In their quest to understand the secrets of the universe, physicists are about to launch their biggest experiment. Next Wednesday, the first atoms will race round a 27km track beneath the Swiss-French border outside Geneva, at almost the speed of light.
It will be the first step towards the real moment of truth for the $8bn (£4.5bn, €5.6bn) Large Hadron Collider. In a few weeks, two beams of protons – hydrogen nuclei – will accelerate in opposite directions and smash together, creating in miniature the intense energies of the newborn universe just after the “big bang” some 14bn years ago.
Scientists at Cern, the European centre for particle physics, hope the LHC will reveal new forces and even extra dimensions of space and time. It may also enable researchers to produce and study miniature black holes.
Yet the LHC may eventually be a final flourish for Cern – and indeed for the whole of particle physics – after a glorious half-century in which increasingly powerful atom smashers enabled scientists to build up a coherent, though incomplete, understanding of the universe, based on studying the smallest building blocks of matter.
Some influential scientists are already suggesting that the world will not be able to fund another large-scale accelerator. “We need a re-evaluation,” says Sir David King, former UK chief scientist. “We have to ask: what is the end-point for particle physics? How big do we have to go?”
In an increasingly pragmatic world, governments have already been directing more money to applied science and technology, while cutting spending on fields aimed essentially at advancing knowledge for its own sake. The cancellation of the US Superconducting Super Collider in Texas 15 years ago left Cern the field’s undisputed global centre.
Lyn Evans, LHC project leader and a 38-year Cern veteran, says: “The only way we justify our existence is to build more and more powerful machines on a budget that is constant in real terms.”
Not surprisingly, Cern scientists often feel compelled to defend their spending in terms of its direct spin-offs, such as the high-speed computing grid that will handle the vast data flow from LHC. (Cern also loses no opportunity to remind people that the world wide web was invented there in 1989.) But “the real reason is to satisfy intellectual curiosity,” says Jos Engelen, Cern chief scientist.
Big spin-offs from the LHC, if any, will occur far in the future, in ways that we cannot predict or even comprehend today. “Who is to say that the strong nuclear force [being investigated by Cern] will not be propelling spaceships across the galaxy in 300 years?” asks David Evans, senior scientist at Alice, one of four giant underground detectors built to analyse the particles produced by LHC collisions.
Putting a comprehensible intellectual case for the LHC is extremely difficult if not impossible. Yet particle physicists have to make the effort. Government funding decisions today depend on public understanding and political support much more than they did after the second world war, when European governments set up Cern as a centre for peaceful research into atomic physics.
At the heart of the case is the “standard model” – a framework of fundamental particles and forces that provides a partial explanation for the way the universe works but does not cover gravity. It also fails to account for recent observations such as the mysterious “dark matter” that appears to dominate the universe.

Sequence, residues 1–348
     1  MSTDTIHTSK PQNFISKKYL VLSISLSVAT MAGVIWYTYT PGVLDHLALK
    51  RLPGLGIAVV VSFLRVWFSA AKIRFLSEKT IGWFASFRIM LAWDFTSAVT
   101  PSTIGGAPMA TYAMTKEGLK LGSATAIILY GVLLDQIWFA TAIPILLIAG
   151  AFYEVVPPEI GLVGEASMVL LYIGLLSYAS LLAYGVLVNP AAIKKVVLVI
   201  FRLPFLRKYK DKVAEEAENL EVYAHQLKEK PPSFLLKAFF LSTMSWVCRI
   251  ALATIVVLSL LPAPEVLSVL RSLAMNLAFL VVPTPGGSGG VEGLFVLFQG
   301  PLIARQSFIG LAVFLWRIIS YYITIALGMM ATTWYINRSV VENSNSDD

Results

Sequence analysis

First order of business for the LHC will be to fill in gaps in the standard model. The best known gap is what gives matter its mass. Favourite here is the fabled Higgs boson, a particle originally proposed in the 1960s, which – if it exists – should be accessible within the LHC’s energy range.
But physicists disagree about where the LHC is most likely to move the field next. Robert Aymar, Cern’s director-general, likes supersymmetry. According to this theory the LHC should be able to make and detect at least the “neutralino” – a massive yet elusive particle that is a leading candidate for filling the universe with dark matter.
His deputy Jos Engelen, on the other hand, is rather dismissive of this. He is a fan of string theory, according to which our four familiar dimensions of space and time conceal several extra dimensions, which might conceivably open up in the extreme conditions of LHC collisions. Under these circumstances, the particles associated with gravity might reveal themselves for the first time.
Slightly easier for the lay mind to understand is the prospect that the LHC will produce microscopic black holes – tiny concentrations of matter so dense that their gravity prevents light escaping. Then Stephen Hawking, the leading black hole theorist, could expect to win a Nobel prize.
However, black holes carry a fear factor that has provoked lawsuits in the US and Europe seeking to stop the LHC from opening. The project’s opponents argue that the collisions could generate black holes capable of swallowing up the whole earth.
Cern recognises that there is genuine concern but insists that the risk of catastrophe is zero. “If you look at the blogosphere, you will find a lot of people taking the threat seriously,” says John Ellis, Cern’s leading theoretician. “But there is no evidence for any conceivable threat from the LHC.”
While large black holes at the centre of galaxies can suck up whole stars, their microscopic counterparts would be unstable and disappear, Cern insists.
The best outcome would be for the LHC to spring a stupendous surprise that does not threaten the planet. But particle physicists would not want the project to answer all the big questions. From their point of view, the universe should be left with enough secrets to justify spending billions of dollars on the next giant experiment.